Subcultures are often thought of in a corporate environment as evidence of fragmentation of the organization or a failing of management to impart a compelling collective vision. Some have argued that strong organizational cultures, where members agree and care about an organizations values, almost preclude the formation of subcultures. There is significant evidence however, that even within the most successful organizational cultures there can exist, and sometimes must exist, strong subcultures in order to provide the mechanism for adaptation and change. In the same way that the innovative company creates change in the world, the innovative sub-culture creates change within a company.
The evidence for subcultures within your organization will be all around you. A few years ago I had an opportunity to meet with a large advertising agency and spent a few hours observing the differences between the very diverse people that can populate that industry. What struck me most were the well defined dress styles that each group adhered to in order to define themselves as being part of their own subculture. The creative tribe had their style (well pierced street fashion) and the business development tribe had their style (no tattoos, no jewellery, nice suits)and it was immediately obvious who was who. Returning to my office later in the day I could see the same tribal dress (with much reduced flamboyance) in the staff I spent most of my time with.
In some instances companies rationalize subcultures as the price of doing business, “you can’t expect artists to wear suits” or “you have to supply programmers with mini refrigerators” are themes that we might be familiar with but which infer that subcultures are necessary but not ideal. Looking at some of the more diverse organizations however we often see examples of subcultures being nurtured, not just reluctantly accepted, maybe the most successful example would be Lockheed’s Skunk Works group. Can other large corporations learn from this?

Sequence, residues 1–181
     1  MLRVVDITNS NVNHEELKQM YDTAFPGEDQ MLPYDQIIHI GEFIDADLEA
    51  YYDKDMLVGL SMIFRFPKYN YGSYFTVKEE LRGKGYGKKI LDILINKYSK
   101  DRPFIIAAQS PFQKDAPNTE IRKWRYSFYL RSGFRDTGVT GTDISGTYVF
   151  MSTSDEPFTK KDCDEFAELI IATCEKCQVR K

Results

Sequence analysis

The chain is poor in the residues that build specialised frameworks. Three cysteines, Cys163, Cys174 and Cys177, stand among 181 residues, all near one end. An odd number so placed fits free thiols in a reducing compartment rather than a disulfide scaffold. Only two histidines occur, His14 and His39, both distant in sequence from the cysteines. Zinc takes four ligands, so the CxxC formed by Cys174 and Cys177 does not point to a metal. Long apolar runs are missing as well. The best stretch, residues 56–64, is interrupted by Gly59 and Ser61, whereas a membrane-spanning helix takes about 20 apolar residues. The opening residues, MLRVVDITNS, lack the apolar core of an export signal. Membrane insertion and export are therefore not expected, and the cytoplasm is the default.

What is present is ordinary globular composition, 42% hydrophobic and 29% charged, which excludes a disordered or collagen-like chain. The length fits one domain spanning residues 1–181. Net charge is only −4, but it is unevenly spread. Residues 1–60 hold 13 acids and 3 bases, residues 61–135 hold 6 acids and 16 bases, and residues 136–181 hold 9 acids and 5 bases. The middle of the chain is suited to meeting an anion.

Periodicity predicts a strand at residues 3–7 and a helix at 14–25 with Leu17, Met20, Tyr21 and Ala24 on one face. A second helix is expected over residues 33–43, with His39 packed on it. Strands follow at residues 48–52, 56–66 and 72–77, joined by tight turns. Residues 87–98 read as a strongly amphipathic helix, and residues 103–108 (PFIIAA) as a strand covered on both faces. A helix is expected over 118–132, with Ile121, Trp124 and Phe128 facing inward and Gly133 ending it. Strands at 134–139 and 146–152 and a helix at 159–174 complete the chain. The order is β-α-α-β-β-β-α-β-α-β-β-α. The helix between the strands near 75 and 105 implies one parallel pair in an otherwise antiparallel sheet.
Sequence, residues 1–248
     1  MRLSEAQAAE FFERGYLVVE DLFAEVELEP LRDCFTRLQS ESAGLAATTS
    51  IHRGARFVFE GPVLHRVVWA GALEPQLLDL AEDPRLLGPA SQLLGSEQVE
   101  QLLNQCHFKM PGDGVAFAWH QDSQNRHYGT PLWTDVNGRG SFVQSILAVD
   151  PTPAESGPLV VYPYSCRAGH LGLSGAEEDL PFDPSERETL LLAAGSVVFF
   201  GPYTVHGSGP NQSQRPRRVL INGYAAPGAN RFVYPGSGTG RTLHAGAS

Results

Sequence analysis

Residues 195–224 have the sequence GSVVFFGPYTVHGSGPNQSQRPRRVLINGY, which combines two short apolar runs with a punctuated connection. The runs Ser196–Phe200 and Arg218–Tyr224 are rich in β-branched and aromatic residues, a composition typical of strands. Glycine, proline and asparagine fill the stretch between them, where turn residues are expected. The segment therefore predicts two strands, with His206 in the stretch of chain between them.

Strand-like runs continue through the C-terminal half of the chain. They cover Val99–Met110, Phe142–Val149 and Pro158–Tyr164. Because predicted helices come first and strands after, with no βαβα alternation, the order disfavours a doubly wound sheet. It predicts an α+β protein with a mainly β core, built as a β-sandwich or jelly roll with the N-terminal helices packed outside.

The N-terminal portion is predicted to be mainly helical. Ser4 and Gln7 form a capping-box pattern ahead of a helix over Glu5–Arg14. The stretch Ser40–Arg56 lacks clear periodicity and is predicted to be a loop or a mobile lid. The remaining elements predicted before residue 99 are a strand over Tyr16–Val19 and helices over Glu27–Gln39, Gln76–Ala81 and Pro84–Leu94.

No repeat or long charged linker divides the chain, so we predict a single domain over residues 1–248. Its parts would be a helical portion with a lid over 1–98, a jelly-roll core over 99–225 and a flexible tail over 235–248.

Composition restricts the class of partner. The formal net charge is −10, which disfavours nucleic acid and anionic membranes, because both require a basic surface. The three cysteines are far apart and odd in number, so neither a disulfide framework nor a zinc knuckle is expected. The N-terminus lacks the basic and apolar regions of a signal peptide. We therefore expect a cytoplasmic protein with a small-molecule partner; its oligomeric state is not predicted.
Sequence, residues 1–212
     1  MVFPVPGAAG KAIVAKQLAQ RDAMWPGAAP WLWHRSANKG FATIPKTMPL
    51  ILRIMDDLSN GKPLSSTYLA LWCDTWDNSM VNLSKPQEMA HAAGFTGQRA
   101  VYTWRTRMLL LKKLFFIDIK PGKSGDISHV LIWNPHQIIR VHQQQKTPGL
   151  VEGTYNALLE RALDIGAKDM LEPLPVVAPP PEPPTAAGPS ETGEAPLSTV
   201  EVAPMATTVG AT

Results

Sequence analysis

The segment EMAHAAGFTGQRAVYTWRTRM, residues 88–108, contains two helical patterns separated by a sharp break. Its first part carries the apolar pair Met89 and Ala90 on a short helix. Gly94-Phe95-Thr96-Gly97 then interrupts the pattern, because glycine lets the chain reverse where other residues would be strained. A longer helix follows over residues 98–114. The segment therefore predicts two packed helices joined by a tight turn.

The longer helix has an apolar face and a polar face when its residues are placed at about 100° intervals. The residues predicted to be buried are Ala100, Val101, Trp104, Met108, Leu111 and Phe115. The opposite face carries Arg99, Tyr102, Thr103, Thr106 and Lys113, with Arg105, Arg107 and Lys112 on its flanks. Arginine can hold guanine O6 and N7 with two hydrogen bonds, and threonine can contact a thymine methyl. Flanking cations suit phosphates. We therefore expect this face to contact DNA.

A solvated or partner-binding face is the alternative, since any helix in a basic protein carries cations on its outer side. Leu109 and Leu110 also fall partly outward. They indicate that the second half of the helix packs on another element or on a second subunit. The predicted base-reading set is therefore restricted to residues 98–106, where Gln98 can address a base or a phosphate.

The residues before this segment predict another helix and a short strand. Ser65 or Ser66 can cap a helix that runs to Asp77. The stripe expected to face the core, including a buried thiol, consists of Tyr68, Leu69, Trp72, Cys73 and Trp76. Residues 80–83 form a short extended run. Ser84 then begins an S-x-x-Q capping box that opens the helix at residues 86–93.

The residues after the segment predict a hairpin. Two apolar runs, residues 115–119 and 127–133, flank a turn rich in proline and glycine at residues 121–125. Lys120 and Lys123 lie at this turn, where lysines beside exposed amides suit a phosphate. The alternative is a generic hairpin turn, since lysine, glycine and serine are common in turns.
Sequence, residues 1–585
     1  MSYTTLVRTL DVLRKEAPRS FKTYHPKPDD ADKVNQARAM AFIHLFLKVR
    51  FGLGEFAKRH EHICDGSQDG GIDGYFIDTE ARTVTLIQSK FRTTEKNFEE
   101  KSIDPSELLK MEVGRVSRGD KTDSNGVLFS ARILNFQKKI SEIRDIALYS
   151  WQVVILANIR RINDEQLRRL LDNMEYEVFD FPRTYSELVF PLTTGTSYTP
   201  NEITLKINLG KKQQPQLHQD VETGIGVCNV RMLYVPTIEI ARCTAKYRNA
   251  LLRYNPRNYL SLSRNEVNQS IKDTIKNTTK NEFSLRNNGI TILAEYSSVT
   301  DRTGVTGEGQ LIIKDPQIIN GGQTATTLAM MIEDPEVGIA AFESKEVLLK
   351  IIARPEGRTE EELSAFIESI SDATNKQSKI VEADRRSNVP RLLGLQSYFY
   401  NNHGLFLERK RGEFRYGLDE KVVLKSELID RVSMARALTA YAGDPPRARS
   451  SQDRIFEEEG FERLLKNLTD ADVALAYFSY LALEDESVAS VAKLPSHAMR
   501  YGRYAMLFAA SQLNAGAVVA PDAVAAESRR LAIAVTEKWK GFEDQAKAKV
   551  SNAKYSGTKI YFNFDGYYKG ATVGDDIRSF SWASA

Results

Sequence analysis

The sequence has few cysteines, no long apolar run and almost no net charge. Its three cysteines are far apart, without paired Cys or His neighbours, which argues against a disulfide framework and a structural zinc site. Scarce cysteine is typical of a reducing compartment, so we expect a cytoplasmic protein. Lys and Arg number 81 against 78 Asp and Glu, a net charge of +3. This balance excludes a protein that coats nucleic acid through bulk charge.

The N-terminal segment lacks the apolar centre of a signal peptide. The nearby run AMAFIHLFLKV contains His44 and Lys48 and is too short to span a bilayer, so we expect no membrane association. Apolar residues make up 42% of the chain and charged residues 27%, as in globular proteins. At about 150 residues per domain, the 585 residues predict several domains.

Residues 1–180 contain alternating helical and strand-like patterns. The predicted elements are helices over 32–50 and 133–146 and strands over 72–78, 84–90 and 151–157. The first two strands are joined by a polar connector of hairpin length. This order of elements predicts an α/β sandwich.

Subcultures and Corporate Innovation
In most corporate environments innovation is not a priority for all employees. No matter how sensationally the “We are Innovative” PR machine spins, when pressed we all have to admit that an extremely large proportion of our collective time is spent maintaining the status quo. We all work in extremely competitive environments and to ignore the effort that is required just to avoid going backwards is an injustice on those who have this as their primary responsibility.
One concept we love at Osmotic Innovation is that corporate innovation is best done by those who choose it, rather than those conscripted. How this concept can manifest within the organization is the formation of ad-hoc innovation teams, matrix managed programs, skunkworks (in the adopted sense) and the many people from operations outside of formal innovation roles collectively bringing their ideas to life.
How then can the Osmotic Innovator use subcultures to support and nurture innovation within an organization? Rather than taking the direct (and somewhat ambitious) approach of trying to generate sub cultures themselves perhaps it is simply a matter of loosening up. Subcultures will form where a group of people have a shared opinion that differs from the collective paradigm. Where they flourish is in environments where they are allowed to express their differences, that is, where an organization lets them and encourages them to be different. Innovation as we mentioned earlier is by and large a fringe activity within most large organizations and so is an ideal activity to be the rallying point for sub culture formation. By loosening up some of the organizational cultural norms the Osmotic Innovator empowers the subculture to define itself and thus achieve in the light of day rather than in secret. Your innovators will identify themselves if you allow them to; just give them their own space, their own time or simply the freedom to dress themselves in the morning.
 Alicia Boisnier, Jennifer A. Chatman The Role of Subcultures in Agile Organizations. Accessed Sep 2012. http://www.hbs.edu/research/facpubs/workingpapers/papers2/0102/02-091.pdf